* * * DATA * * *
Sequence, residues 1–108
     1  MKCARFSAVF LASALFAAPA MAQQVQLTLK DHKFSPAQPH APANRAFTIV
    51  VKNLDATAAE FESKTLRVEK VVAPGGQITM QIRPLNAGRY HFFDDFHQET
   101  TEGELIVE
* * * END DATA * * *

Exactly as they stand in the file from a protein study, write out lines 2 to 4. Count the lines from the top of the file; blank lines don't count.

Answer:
     1  MKCARFSAVF LASALFAAPA MAQQVQLTLK DHKFSPAQPH APANRAFTIV
    51  VKNLDATAAE FESKTLRVEK VVAPGGQITM QIRPLNAGRY HFFDDFHQET
   101  TEGELIVE